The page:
Fundamental Shift in Pharmaceutical Sales Planning
In the pharmaceutical industry, one of the market truths over the past several decades is that change comes very slowly. Old routines for sales planning and strategy, formed over generations, relying on hand-to-hand marketing directly with physicians was the tried and true way to get pharmaceuticals to patients. But like everything else in the modern era, that fundamental practice is evolving to meet the realities of the market. Sales organizations understand that they need to move at a much faster pace if they want to keep up with the accelerating world around them.
In this and a subsequent blog post, we will discuss this shift in the pharmaceutical sales landscape, and how sales organizations can adapt to these changes.
A recent market survey by ZS Associates, documents a major trend across the industry. In summary, the research shows that traditional sales planning is evolving to an account-based approach. The bottom line is that sales organizations must adapt to this approach to successfully compete in the market.
The Changing Landscape of the Pharmaceutical Sales
The traditional pharmaceutical sales model has been hitting the road. Sales reps show up in a doctor’s office, wait for an opportunity to meet with a physician, discuss the newest pharmaceuticals, and leave free samples for the doctor to distribute to his patients. In days of old, that made sense because doctors weren’t as busy and often learned about new prescriptions from the pharma rep.
Fast forward to the 21st century, and you can see why this model is failing. First and foremost, physicians don’t have time to meet with sales reps. That means a rep could wait hours for a meeting vs. an average of 12-to-15 minutes at most in the 90’s. And that limited facetime continues to shrink. Thirty percent of doctors now meet sales reps fewer than seven times a year, for an average of two-to-three minutes.
Given their limited time, Doctors are often inundated with hordes of sales reps competing for their time and attention, even staking them out in the hallways of the facility. That makes for a costly and difficult sales process.
In addition, with the consolidation of the healthcare industry, the Doctor is no longer the primary decision maker – they are a part of an entire group of “organized customers,” with decision making elevated to the group practice or Integrated Delivery Networks. Other stakeholders may include accountable care organizations and other layers of review and procurement processes. There are fewer solo practitioners, and economies of scale are trending towards the customer now being the entire network.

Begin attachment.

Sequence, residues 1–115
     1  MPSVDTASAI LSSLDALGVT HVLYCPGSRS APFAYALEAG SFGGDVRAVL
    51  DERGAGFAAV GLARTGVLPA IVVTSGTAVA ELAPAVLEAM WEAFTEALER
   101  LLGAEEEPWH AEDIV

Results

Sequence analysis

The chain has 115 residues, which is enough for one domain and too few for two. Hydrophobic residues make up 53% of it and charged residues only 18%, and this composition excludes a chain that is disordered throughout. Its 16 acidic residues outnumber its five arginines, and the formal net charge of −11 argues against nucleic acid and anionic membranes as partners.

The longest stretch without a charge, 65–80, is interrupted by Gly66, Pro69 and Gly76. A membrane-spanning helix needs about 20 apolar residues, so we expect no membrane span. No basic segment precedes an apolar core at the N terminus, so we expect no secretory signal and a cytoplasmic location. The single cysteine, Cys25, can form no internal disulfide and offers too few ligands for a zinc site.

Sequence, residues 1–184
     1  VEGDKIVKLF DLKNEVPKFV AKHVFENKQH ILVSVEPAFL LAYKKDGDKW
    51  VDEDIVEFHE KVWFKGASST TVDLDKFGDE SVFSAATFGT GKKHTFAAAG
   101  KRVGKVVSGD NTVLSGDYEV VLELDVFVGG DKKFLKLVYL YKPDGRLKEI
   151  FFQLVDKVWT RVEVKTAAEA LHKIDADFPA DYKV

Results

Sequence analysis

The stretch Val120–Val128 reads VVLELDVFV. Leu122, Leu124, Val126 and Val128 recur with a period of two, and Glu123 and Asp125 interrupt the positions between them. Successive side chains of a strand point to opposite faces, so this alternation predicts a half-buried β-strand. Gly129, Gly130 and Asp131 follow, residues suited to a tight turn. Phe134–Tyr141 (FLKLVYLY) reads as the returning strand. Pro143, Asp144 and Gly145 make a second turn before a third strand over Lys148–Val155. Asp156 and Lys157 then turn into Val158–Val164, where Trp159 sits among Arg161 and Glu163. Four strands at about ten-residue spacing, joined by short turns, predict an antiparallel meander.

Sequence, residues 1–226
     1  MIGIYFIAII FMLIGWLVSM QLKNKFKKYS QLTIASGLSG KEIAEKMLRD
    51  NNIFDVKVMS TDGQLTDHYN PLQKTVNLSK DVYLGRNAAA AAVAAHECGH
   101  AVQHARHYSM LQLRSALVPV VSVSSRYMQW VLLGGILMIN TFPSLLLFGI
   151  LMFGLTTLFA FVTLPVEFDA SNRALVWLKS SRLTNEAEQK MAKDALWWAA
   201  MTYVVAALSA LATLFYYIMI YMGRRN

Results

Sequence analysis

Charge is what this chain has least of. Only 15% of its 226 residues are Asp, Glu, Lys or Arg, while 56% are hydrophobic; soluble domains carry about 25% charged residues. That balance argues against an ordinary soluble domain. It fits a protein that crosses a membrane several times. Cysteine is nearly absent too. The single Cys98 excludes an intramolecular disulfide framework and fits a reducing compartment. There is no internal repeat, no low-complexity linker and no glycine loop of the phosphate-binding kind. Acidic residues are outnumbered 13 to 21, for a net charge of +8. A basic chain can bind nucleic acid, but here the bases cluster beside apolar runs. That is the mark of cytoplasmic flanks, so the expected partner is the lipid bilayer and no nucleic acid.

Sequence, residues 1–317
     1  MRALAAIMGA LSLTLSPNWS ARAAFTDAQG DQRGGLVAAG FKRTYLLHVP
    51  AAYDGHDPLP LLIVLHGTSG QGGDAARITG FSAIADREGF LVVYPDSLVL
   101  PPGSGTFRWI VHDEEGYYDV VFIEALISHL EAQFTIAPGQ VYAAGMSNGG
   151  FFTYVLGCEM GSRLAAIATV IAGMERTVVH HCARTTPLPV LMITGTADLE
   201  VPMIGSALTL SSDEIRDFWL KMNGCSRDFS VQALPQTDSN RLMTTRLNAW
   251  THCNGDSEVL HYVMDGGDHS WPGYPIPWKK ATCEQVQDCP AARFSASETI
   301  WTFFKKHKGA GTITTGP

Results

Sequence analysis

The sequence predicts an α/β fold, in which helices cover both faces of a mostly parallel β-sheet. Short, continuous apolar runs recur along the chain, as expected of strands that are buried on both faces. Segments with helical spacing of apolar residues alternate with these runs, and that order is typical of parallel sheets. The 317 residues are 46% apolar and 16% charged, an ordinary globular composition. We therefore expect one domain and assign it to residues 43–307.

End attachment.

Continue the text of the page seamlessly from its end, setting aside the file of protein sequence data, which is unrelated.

Finally, there are more regulations that cover sales activities and the distribution of samples to doctors for their patients which makes establishing brand awareness increasingly more difficult.
Despite this fast-changing and complex landscape, many pharma companies are lagging far behind when it comes to adapting, and trail behind other industries that have learned to evolve more quickly.
The Need for Key Account Management to Stimulate Pharmaceutical Sales
To succeed in the pharmaceutical market, sales organizations must develop a go-to-market model that adapts to the new realities. That means a strategy that recognizes the size and breadth of the new “organized customer,” with a variety of stakeholders involved in purchasing decisions. Bringing this new layer of customer needs into focus at the center of sales outreach is essential. With the right type of key account management program, sales organizations can revitalize their models, regain that essential role as a trusted consultant to healthcare stakeholders, and play an influential part in the decisions they make as to which new drugs will be included in their medical arsenal.
As the ZS Associates survey found, “75% of organizations will be implementing strategic account planning within the next two years.” Those who are lagging behind, will get left behind.
In our next blog post, we will describe how sales organizations can adapt to these fundamental changes.
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